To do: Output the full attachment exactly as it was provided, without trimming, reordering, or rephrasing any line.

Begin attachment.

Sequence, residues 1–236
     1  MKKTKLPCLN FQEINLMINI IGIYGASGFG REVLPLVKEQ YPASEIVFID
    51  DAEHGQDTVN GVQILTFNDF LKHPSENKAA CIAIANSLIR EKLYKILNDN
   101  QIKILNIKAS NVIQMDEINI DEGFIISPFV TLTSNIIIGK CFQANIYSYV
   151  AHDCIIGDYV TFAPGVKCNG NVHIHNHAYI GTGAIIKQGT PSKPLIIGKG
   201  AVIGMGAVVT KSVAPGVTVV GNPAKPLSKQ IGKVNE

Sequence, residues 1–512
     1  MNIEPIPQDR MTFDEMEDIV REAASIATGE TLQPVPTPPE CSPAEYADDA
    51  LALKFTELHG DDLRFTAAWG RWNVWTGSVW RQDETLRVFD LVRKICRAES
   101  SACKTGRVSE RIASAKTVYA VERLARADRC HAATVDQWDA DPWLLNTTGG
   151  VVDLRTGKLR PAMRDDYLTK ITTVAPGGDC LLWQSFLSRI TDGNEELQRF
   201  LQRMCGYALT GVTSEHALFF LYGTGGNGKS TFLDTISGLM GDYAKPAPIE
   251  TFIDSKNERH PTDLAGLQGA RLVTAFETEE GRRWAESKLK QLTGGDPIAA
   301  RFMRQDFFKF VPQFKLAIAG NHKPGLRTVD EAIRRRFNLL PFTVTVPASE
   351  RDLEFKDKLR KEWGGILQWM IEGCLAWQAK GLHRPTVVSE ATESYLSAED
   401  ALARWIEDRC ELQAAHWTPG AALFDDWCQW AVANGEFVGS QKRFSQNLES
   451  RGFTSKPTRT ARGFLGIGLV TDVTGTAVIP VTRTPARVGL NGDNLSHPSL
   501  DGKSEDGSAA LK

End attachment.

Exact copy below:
Sequence, residues 1–236
     1  MKKTKLPCLN FQEINLMINI IGIYGASGFG REVLPLVKEQ YPASEIVFID
    51  DAEHGQDTVN GVQILTFNDF LKHPSENKAA CIAIANSLIR EKLYKILNDN
   101  QIKILNIKAS NVIQMDEINI DEGFIISPFV TLTSNIIIGK CFQANIYSYV
   151  AHDCIIGDYV TFAPGVKCNG NVHIHNHAYI GTGAIIKQGT PSKPLIIGKG
   201  AVIGMGAVVT KSVAPGVTVV GNPAKPLSKQ IGKVNE

Sequence, residues 1–512
     1  MNIEPIPQDR MTFDEMEDIV REAASIATGE TLQPVPTPPE CSPAEYADDA
    51  LALKFTELHG DDLRFTAAWG RWNVWTGSVW RQDETLRVFD LVRKICRAES
   101  SACKTGRVSE RIASAKTVYA VERLARADRC HAATVDQWDA DPWLLNTTGG
   151  VVDLRTGKLR PAMRDDYLTK ITTVAPGGDC LLWQSFLSRI TDGNEELQRF
   201  LQRMCGYALT GVTSEHALFF LYGTGGNGKS TFLDTISGLM GDYAKPAPIE
   251  TFIDSKNERH PTDLAGLQGA RLVTAFETEE GRRWAESKLK QLTGGDPIAA
   301  RFMRQDFFKF VPQFKLAIAG NHKPGLRTVD EAIRRRFNLL PFTVTVPASE
   351  RDLEFKDKLR KEWGGILQWM IEGCLAWQAK GLHRPTVVSE ATESYLSAED
   401  ALARWIEDRC ELQAAHWTPG AALFDDWCQW AVANGEFVGS QKRFSQNLES
   451  RGFTSKPTRT ARGFLGIGLV TDVTGTAVIP VTRTPARVGL NGDNLSHPSL
   501  DGKSEDGSAA LK